Inline Refractometer: Getting real-time density readings

The idea of this project was to measure the Brix of a wort inline during recirculations and transfer during the various processes of a brew day. For example it could be used as part of the sparging process, so that the sparge can be stopped when the standard gravity (SG) approaches 1.008 (2.1 °Brix) to prevent the extraction of tannins. I can measure the mash’s first running’s to be able to see if the conversion efficiency was higher or lower than expected. Additionally, the principle could also be utilized during fermentation assuming appropriate formulae are utilized to account for the presence of alcohol. That one is still in theoretical phase though.

Photos by Chris (anfractuosity)

For this build, I utilized a typical non-digital brewing refractometer along with a Raspberry Pi Zero and camera to image the refractometer output. If you are unfamiliar with Raspberry Pi technology, then I highly recommend looking into it. The capacity of these small boards is incredible. But back to the project at hand . . . the temperature of the liquid pumped through the inline refractometer needs to be measured as the reflective property of water changes with increasing or decreasing temperatures. I’m using a DS18B20 1-wire temperature probe at the outlet of my brewing vessel near the butterfly valve so I can track this and later use it in my correction calculations. I tried to correct for the effect of high temperatures on the Brix scale of monitoring sugar density using a simple calibration process.

Unfortunately for everyone reading, this build is still in beta mode. Further tests will need to be conducted to determine the accuracy of this system at various temperatures using more comparisons to a standard digital refractometer, for example. My system’s mash temperature readings are still a little off when compared to my digital refractometer. Additionally, other improvements would include investigating plastics most suitable for upper-end mash temperatures of around 70–80 °C (158–175 °F) to prevent warping along with better seals. I unfortunately had issues with leaks through the lid at higher pressures when I increased flow rates, so a different type of lid may need to be investigated too. A glass jar could be the solution, but I am not comfortable cutting a glass jar.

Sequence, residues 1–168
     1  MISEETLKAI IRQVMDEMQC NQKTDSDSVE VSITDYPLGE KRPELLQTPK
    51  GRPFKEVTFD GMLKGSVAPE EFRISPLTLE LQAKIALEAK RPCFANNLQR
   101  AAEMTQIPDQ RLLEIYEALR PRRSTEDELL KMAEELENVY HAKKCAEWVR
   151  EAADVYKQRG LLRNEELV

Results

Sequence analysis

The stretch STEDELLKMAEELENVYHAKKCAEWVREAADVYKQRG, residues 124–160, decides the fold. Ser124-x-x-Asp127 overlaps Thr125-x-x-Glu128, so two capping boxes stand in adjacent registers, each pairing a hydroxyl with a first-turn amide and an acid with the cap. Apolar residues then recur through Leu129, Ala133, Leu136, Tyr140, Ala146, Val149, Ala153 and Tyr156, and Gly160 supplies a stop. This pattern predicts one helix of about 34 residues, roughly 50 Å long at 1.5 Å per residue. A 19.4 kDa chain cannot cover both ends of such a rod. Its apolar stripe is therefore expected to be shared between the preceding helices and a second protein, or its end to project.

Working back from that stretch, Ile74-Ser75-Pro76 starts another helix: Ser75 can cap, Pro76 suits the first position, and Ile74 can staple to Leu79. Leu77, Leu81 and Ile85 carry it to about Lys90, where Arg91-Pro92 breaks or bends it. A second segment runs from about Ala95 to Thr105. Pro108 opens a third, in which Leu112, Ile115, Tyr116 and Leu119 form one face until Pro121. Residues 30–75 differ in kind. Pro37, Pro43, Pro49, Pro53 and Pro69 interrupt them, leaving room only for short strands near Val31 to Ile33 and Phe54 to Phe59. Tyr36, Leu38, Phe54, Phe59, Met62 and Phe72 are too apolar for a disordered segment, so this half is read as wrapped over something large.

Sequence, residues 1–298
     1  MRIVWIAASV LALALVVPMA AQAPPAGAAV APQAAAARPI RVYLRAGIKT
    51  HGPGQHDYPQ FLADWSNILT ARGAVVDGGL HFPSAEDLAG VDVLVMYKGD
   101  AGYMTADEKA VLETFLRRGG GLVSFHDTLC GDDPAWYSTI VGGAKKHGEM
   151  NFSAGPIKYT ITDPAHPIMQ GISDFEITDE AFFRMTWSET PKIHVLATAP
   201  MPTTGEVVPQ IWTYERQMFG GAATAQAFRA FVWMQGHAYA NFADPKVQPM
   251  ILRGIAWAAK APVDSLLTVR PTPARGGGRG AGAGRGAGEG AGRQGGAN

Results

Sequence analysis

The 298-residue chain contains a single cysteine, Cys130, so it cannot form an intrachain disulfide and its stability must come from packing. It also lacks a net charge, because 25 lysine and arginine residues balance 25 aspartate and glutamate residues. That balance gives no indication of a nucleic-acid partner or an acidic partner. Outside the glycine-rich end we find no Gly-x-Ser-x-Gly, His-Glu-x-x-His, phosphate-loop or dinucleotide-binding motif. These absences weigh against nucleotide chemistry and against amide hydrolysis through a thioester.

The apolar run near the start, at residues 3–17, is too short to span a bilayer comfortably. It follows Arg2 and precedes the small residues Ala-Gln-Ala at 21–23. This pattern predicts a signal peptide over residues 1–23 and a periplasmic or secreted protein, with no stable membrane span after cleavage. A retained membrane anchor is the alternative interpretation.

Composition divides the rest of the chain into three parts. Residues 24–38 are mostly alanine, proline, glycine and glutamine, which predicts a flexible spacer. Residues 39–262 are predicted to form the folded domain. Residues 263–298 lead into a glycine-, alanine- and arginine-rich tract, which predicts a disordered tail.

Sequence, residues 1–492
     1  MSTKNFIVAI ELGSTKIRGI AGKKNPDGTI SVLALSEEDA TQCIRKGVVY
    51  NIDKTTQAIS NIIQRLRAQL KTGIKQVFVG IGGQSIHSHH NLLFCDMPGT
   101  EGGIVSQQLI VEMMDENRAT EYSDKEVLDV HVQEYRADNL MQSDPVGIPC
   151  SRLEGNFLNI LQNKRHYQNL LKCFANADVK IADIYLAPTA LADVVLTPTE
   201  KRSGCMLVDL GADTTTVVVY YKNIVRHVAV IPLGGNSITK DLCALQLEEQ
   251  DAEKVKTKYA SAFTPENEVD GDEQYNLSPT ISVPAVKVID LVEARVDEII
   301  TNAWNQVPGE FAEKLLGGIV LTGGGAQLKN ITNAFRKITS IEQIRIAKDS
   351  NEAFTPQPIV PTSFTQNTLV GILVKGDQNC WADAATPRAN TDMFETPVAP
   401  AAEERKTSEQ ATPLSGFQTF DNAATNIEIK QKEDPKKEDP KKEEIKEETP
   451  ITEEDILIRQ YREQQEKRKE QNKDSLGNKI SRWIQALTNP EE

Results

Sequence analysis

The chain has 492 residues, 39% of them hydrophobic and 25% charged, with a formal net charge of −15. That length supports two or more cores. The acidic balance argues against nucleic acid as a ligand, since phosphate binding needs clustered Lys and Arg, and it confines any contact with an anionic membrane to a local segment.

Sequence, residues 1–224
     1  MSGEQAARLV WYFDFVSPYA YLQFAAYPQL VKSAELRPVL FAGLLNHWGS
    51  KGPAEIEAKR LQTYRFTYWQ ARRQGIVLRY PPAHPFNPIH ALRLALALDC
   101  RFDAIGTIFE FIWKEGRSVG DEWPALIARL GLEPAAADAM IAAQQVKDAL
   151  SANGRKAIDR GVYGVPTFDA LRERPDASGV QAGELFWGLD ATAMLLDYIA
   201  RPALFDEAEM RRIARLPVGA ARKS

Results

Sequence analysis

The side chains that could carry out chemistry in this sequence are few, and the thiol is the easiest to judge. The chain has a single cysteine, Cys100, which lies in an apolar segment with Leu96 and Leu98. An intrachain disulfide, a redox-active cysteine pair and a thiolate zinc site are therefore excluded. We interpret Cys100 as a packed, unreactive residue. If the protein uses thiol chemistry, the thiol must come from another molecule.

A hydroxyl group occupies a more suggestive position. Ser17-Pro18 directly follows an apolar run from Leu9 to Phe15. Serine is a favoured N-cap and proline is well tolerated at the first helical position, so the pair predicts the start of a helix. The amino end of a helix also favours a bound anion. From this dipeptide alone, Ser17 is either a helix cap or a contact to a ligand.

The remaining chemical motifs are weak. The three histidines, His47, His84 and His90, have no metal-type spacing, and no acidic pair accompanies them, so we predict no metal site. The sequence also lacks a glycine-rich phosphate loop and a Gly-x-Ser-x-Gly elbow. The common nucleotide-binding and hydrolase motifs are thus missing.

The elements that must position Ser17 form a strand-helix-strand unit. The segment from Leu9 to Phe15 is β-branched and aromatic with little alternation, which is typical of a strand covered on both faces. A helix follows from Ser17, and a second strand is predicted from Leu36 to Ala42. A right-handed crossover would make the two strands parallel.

For this build, I utilized a typical non-digital brewing refractometer along with a Raspberry Pi Zero and camera to image the refractometer’s output.

Also, darker beers are problematic as the ability to see through the jar is a limiting factor with this design . . . like trying to perform a starch conversion test on a stout. A thinner, squared compartment could possibly allow readings on dark-colored beers.

That aside, I’m excited for this project. There are several advantages to obtaining real time sugar readings. Being able to see that running’s gravity is approaching the danger zone of 1.010 (2.6 °Brix). Or the fact that I can ascertain that my gravity readings are lower than expected during sparge and I will need to make a kettle sugar addition to correct the problem and to check my grain crush for potential inconsistencies.

Tools and Materials

  • Transparent plastic jar
  • (2) ½-in. bulkhead
  • M32 cable gland
  • 1-mm (1⁄32-in.) drill bit
  • 11-mm (7⁄16-in.) drill bit
  • 21-mm (13⁄16-in.) Q-Max hole punch
  • 32.5-mm (11⁄4-in.) Q-Max hole punch
  • Refractometer
  • DS18B20 temperature probe
  • Raspberry Pi Zero
  • Raspberry Pi camera
  • Mini tripod

1. Drilling Pilot Holes

It is necessary to drill three holes (two for the bulkheads on the side of the jar and one for the cable gland used for the refractometer at the bottom), first by drilling pilot holes using the smaller drill bit, then for each hole use the larger drill bit. The larger hole allows a hole punch to be inserted.

2. Punching Holes and Adding Bulkheads